Psychoanalytic

Psychoanalytic theory, the theory that guides psychoanalysis, was first developed by Sigmund Freud. Psychoanalysis is a therapeutic treatment method founded in the study of the unconscious mind. Freud believed that people could be cured of any number of mental health issues by making conscious their unconscious thoughts and motivations, which provides insights into the root of the issue. The goal of is to release pent-up or repressed emotions and memories to lead the client to catharsis, or healing. Traditionally, psychoanalysis sessions will occur 4–5 times a week, with clients lying on a couch, and the therapist (or analyst) often sitting just behind and out of sight. The client will express their thoughts, dreams and fantasies, which the analyst will examine to help the client gain powerful insights. Think this approach might be right for you? Reach out to one of TherapyDen’s psychoanalytic experts today.

Meet the specialists

By "psychoanalytic therapy," I mean that my work is influenced by Contemporary Relational Psychoanalysis. Unfortunately, psychoanalysis has picked up somewhat of a negative reputation along the way! While I agree that many psychoanalytic concepts feel dated and don't speak to many of us, there are also many valuable ideas that are very helpful. For example, psychoanalysis has great respect for the idea that our past has an impact on our present and on our future, even though we may not remember the exact details. It also gives us tools for thinking about how our minds take in information and how we make use of it.

— Marla Cass, Licensed Marriage & Family Therapist in San Francisco, CA
 

By "psychoanalytic therapy," I mean that my work is influenced by Contemporary Relational Psychoanalysis. Unfortunately, psychoanalysis has picked up somewhat of a negative reputation along the way! While I agree that many psychoanalytic concepts feel dated and don't speak to many of us, there are also many valuable ideas that are very helpful. For example, psychoanalysis has great respect for the idea that our past has an impact on our present and on our future, even though we may not remember the exact details. It gives us tools for thinking about how our minds take in information and how we make use of it. Perhaps most importantly, psychoanalysis has great respect for the influence of our unconscious minds and seeks to help us understand what might be going on "underneath the surface," e.g., the unconscious motivations behind what we do and how we think.

— Marla Cass, Licensed Marriage & Family Therapist in San Francisco, CA

This is my primary modality, and my training in this area includes dozens of shorter-term classes at San Francisco Center for Psychoanalysis, completion of of their six month case conference, enrollment in their two year Psychoanalytic Psychotherapy Training Program (now in year two), ongoing individual consultation and supervision under a number of prominent therapists and analysts in the psychoanalytic community, including Beth Steinberg, and participation in countless lectures and seminars.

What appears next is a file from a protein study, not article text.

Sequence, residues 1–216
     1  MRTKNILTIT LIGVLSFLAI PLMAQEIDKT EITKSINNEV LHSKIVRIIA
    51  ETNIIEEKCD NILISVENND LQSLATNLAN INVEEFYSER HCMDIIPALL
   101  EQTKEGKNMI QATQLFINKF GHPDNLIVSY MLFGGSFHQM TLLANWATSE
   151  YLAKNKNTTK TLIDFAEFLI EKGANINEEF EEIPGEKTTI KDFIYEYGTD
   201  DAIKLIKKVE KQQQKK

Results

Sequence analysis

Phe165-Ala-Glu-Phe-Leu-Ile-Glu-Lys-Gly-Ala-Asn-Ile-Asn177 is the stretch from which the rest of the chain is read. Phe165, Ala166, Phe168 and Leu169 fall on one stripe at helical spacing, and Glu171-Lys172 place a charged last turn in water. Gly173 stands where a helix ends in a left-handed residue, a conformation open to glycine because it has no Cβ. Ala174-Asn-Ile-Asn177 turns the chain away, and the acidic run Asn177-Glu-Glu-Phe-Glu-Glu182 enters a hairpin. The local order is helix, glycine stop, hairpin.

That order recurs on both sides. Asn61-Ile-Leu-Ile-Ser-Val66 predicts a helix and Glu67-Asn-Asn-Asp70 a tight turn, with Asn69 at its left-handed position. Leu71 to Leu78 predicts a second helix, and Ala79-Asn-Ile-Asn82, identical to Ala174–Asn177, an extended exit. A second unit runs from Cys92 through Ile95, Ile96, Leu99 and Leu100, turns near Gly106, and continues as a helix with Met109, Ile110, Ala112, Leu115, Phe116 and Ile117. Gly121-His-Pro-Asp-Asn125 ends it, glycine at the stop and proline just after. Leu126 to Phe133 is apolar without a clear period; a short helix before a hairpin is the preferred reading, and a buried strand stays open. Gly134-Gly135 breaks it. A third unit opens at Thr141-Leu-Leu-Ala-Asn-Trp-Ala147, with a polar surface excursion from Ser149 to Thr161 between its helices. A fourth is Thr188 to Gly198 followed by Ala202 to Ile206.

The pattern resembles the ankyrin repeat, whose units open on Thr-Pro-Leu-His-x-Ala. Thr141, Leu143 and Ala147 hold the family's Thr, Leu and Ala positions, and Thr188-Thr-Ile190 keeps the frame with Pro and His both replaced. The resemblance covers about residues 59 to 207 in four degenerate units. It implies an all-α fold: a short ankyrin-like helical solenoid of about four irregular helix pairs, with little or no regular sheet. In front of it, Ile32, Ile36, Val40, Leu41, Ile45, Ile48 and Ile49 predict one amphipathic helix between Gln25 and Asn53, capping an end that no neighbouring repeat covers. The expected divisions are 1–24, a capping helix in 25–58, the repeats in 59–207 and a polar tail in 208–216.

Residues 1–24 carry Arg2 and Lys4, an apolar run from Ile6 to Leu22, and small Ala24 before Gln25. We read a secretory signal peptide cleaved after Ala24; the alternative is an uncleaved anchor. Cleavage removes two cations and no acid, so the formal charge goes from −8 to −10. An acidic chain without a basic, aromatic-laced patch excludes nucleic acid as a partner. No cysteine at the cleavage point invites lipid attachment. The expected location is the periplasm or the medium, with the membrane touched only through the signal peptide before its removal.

— Kylie Svenson, Associate Clinical Social Worker in San Francisco, CA
 

I practice contemporary psychoanalytic therapy. This means I pay attention to how your past relationships affect the way you learn to regulate and manage emotions in your day-to-day life. Our brains are built through repeated interactions with our earliest relationships and environments, and can be changed through the experience of a new relationship: therapy. This means I consider our work in session as a chance to learn new ways of experiencing your emotions that lead to joy-filled life.

— Connor McClenahan, Counselor in Los Angeles, CA

Psychoanalysis is an intense and life changing type of therapy that will help you get a deeper sense of who you are. Psychoanalysis will help you uncover and explore inner conflicts and coping mechanisms that are out of your awareness. This emotional knowledge will help create long- lasting personal transformation. Psychoanalysis requires a commitment of at least three sessions per week for a long term.

— Edgard Danielsen, Psychoanalyst in New York, NY
 

This is my primary modality, and my training in this area includes dozens of shorter-term classes at San Francisco Center for Psychoanalysis, completion of of their six month case conference, enrollment in their two year Psychoanalytic Psychotherapy Training Program (now in year two), ongoing individual consultation and supervision under a number of prominent therapists and analysts in the psychoanalytic community, including Beth Steinberg, and participation in countless lectures and seminars.

— Kylie Svenson, Associate Clinical Social Worker in San Francisco, CA